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Dental Office Phone Etiquette: Does Your Practice Make the Cut?

You only have one chance to make a first impression.

When a new patient seeks out your dental office, it may be for any number of reasons. She is likely a woman, and she is probably calling you for one of the five following reasons:

  1. She is new to the area,
  2. She had a bad experience somewhere else and needs a new dentist,
  3. She has avoided the dentist due to fear/anxiety, but now she can no longer ignore her situation,
  4. She has put off her dental visits until now because of dental costs,
  5. She does not perceive a need for dental work.

After she sees your website, her interaction with your office over the phone will be the first in-person contact she has with your team. Whatever the reason for this woman to have looked up your office and taken the time to pick up the phone, it is critical that your staff is equipped to answer the call and make a stellar first impression.

There are 5 key aspects to handling phone calls expertly and professionally. In this blog post, I talk about the first three. Does your office make the cut?

Aspect 1: Greeting

Within the first five seconds of the phone call, the patient will have an impression of your office. In her mind, she will decide if your office is friendly, caring and professional and whether you have the ability to provide what she needs in a dental office.

Be enthusiastic. No one wants to go to a place where the person who answers the phone sounds like she’s just passing the time until her lunch hour. The patient needs to know that you are happy that she called and that you can help her.

Here’s a sample script:

“Thank you for calling the office of Dr. Smith! My name is Jane, how can we make you smile today?”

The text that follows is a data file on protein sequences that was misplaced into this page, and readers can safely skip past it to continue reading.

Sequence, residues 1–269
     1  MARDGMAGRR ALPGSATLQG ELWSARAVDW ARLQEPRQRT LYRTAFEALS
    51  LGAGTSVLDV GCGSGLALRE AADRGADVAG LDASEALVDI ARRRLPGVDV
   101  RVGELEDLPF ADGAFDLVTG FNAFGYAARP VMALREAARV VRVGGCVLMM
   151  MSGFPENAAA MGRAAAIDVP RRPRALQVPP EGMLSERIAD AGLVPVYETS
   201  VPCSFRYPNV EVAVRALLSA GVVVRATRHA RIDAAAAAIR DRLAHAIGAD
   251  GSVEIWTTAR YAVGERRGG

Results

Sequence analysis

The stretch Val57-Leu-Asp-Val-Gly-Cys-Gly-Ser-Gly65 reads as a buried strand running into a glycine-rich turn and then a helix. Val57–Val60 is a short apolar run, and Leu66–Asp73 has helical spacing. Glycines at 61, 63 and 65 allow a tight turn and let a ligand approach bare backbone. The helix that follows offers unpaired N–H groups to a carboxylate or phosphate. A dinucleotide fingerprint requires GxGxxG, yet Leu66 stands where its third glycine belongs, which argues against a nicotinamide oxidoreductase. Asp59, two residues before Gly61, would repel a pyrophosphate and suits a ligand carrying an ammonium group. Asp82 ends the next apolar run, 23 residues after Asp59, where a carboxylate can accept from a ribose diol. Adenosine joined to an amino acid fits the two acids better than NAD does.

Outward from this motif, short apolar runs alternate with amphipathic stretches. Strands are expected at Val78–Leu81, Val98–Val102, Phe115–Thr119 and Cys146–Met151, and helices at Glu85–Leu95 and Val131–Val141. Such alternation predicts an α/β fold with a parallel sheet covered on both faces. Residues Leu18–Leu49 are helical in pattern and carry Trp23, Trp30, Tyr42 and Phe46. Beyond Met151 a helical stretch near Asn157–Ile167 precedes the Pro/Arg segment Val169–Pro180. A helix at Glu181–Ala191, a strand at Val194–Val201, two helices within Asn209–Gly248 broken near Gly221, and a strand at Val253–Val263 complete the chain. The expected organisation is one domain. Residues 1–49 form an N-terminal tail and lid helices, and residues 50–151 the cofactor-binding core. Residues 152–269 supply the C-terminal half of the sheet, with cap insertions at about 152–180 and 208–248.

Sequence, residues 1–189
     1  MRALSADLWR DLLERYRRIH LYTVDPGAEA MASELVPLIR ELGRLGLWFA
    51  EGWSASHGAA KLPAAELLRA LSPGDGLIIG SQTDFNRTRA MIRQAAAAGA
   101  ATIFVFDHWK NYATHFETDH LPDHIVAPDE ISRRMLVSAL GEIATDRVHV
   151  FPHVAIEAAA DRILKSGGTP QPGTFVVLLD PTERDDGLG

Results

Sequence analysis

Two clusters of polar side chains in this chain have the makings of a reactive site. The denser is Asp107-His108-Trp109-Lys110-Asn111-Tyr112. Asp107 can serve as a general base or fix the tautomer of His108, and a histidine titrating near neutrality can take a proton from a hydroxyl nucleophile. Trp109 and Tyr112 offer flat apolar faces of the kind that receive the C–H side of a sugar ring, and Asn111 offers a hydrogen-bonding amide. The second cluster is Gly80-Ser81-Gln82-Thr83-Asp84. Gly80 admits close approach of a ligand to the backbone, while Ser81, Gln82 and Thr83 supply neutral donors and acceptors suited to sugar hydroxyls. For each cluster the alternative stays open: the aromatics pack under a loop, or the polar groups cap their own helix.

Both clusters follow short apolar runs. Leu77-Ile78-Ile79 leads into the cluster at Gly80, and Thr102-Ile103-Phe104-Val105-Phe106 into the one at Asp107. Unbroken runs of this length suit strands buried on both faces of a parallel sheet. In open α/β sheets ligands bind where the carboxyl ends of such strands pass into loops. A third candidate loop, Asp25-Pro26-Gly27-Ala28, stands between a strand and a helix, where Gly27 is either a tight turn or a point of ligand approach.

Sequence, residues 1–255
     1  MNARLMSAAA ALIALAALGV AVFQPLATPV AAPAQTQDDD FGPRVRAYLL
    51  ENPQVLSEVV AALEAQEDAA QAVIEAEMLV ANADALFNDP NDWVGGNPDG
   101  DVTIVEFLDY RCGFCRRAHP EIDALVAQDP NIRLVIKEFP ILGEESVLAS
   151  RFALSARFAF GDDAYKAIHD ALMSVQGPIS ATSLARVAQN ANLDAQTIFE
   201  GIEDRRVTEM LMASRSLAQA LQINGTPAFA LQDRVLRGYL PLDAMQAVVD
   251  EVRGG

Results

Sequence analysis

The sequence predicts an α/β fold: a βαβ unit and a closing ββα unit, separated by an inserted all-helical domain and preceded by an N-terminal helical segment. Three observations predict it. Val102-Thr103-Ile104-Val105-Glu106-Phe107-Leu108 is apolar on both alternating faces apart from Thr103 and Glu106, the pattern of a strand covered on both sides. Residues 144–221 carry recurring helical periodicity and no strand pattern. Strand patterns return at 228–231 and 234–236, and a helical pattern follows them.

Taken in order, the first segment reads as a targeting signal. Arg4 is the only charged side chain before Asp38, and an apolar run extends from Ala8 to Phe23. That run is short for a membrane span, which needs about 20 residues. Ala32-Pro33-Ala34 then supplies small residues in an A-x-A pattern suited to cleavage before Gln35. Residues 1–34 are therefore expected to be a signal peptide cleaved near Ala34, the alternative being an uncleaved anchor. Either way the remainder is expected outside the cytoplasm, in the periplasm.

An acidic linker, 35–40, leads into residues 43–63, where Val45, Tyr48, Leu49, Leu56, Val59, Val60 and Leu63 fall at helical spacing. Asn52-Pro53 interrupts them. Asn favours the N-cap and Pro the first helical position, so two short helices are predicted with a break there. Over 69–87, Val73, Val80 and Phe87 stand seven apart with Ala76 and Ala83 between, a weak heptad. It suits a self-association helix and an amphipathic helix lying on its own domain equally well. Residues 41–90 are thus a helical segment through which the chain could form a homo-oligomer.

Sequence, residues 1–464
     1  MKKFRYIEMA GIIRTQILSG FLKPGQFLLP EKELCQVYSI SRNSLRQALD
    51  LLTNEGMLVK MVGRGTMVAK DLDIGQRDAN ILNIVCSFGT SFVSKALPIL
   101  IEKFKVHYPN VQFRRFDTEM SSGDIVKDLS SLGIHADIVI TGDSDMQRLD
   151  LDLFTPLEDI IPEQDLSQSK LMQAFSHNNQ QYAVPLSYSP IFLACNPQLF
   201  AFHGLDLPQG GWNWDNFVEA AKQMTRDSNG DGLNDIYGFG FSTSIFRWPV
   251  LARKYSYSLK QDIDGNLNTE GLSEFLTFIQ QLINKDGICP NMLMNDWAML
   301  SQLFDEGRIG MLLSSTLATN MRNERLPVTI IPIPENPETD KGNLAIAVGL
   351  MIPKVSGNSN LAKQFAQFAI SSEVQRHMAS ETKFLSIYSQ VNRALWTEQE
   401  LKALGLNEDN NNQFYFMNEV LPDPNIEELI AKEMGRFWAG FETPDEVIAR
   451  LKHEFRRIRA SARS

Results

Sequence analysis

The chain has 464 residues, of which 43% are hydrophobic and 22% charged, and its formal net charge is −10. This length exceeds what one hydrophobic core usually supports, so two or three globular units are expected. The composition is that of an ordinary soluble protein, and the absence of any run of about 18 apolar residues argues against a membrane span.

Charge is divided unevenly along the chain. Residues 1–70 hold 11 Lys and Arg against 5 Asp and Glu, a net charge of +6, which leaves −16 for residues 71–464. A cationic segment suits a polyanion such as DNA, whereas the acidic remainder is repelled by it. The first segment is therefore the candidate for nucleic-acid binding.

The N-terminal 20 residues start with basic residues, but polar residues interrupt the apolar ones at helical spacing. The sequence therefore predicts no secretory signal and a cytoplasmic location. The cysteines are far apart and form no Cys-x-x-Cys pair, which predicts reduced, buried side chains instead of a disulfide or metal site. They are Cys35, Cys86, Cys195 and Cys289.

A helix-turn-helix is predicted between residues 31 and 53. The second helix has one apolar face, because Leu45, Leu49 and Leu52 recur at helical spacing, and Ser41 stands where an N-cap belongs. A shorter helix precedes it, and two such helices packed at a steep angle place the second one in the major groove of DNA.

Friendly, welcoming and direct is the best way to answer the phone.

Aspect 2: Ask and Answer Questions

At this point, it’s important to gather some information from the patient. Is she an existing patient? A new patient? This is also a time where the patient has an opportunity to ask some questions of her own.

Listen carefully. It’s best to keep a pen and paper next to the phone so whoever answers can take notes on the patient’s needs.

It is very important to carefully listen to what the potential patient says so you can best serve her. Offer short, positive answers to her questions. If the patient starts asking about insurance, fees and scheduling, use your office’s scripted answers* and then firmly take back control of the conversation by moving into the Transition portion of the call.

Aspect 3: Transition

Once you have welcomed the new patient via your greeting and answered any preliminary questions, it’s time to transition them into scheduling their first appointment. Remember: the objective is to get the patient in the door feeling really good about her first appointment.

Take control of the call. At this point, whoever answered the phone must have control over the call to get an appointment scheduled.

Here is a sample script:

“How did you hear about our office?”

 Once, she responds, move immediately into scheduling an appointment with:

“That’s great! Let me be the first to welcome you. Which do you prefer, Monday or Tuesday of next week?”

A confused mind says ‘no.’ When speaking to potential patients over the phone to schedule an appointment, avoid giving them too many options or asking open-ended questions. Present them two choices (“Morning or afternoon? 10 am or 11 am?”) and they will more easily be able to say yes to scheduling an appointment.

There is so much information about phone etiquette that it couldn’t possibly be covered in a single blog post. Next week, I’ll share two more keys to great phone etiquette that will increase the success of your office.

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